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Exxon Mobile president Rich Kruger, left, will replace Bruce March as Imperial Oil chief executive officer on March 1. (Chris Bolin for the globe and mail)
Exxon Mobile president Rich Kruger, left, will replace Bruce March as Imperial Oil chief executive officer on March 1. (Chris Bolin for the globe and mail)

ENERGY

Exxon’s Kruger to take reins at Imperial Add to ...

Imperial Oil Ltd. is taking on a new chief executive from parent company Exxon Mobil Corp.’s headquarters in Houston just a month after massive cost overruns were announced at the Canadian oil giant’s Kearl oil sands mine.

But both outgoing chief executive officer Bruce March, 56, and the incoming Rich Kruger, who is leaving his job as president of Exxon Mobil Production Co. to start in Calgary on March 1, say the change has nothing to do with delays and escalating cost at its marquee oil sands project.

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Mr. Kruger said that while the first phase of Kearl‘s startup is “imminent,” it’s a timely transition. “We plan succession well in advance,” Mr. Kruger, 53, told reporters in Calgary. “It is a very natural, logical time.”

At the beginning of this month, Imperial announced the price tag of its Kearl mine had jumped by $2-billion, the second major increase for the project. Imperial said Kearl’s first development phase will cost $12.9-billion, up from $10.9-billion previously estimated. And the latest cost estimate is 61 per cent higher than the original calculation of $8-billion.

Fierce resident opposition to the company’s scheme for transporting massive, South Korean-made modules of equipment through Idaho and Montana, and the subsequent delays pushing construction into the harsh Alberta winter, ramped up costs in the first development phase of Kearl. On Thursday, Mr. March said the company expects phase one to be up and running by the end of next month.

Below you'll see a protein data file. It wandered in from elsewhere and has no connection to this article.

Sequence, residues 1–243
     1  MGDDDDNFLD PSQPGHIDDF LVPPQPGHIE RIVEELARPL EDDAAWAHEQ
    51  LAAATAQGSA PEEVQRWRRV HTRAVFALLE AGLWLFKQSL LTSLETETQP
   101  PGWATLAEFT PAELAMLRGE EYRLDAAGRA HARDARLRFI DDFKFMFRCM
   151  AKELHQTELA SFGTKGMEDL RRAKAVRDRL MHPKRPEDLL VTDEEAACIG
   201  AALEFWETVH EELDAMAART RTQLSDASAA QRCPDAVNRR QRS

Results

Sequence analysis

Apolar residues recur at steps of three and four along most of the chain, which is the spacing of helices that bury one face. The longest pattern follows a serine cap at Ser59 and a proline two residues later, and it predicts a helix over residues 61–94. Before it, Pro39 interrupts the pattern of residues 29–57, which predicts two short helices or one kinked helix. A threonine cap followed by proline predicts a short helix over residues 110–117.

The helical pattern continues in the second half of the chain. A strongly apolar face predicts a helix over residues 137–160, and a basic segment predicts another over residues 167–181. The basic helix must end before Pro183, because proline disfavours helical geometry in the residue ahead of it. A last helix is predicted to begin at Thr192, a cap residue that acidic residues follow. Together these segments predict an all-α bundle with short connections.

That hasn’t quelled speculation about why Mr. March is leaving now.

“We wonder whether Mr. March’s departure from Imperial Oil is related to the cost overruns at Kearl,” Michael Dunn, an analyst with FirstEnergy Capital, said in a research note.

However, other analysts said Mr. March has already served a steady five years in Calgary for Imperial, and the corporate culture of Exxon sees executives rotated in and out of various positions around the world. Mr. March, they note, will stay in the family as senior vice-president of global operations for Exxon Mobil Chemical Co.

Dirk Lever, a managing director at AltaCorp Capital Inc., said the change in leadership is not a judgment of Mr. March’s performance. “Any time you get a president for Imperial Oil, he or she has probably spent a lot of time working within various divisions within Exxon, so that’s not any surprise at all,” Mr. Lever said. “That’s just how they groom people.”

Former Syncrude Canada Ltd. chief executive officer Eric Newell, who spent many years cutting his teeth at Imperial, said he gives Mr. March credit for making the “risky” decision to go forward with building the Kearl project in 2008, a time when economic uncertainty halted other energy projects.

“Imperial didn’t slow down. They kept going,” Mr. Newell said. “That’s wise … costs are lower.”

Imperial is Canada’s largest petroleum refiner and one of the country’s largest producers of crude oil and natural gas. Along with its oil sands projects at Kearl Lake and Cold Lake, it is a 25-per-cent owner of Syncrude.

Asked to reflect on his own performance Thursday, Mr. March joked, “I try real hard not to be too reflective,” but added, “I’m most proud and pleased with the safety performance of Imperial Oil.”

Although Mr. Kruger said Thursday it was too early for him to comment on issues relating to pipeline access and congestion, transportation headaches and access to markets will be a paramount concern for the company as production from the Kearl mine ramps up to a projected 345,000 barrels of bitumen a day by 2020.

 

 

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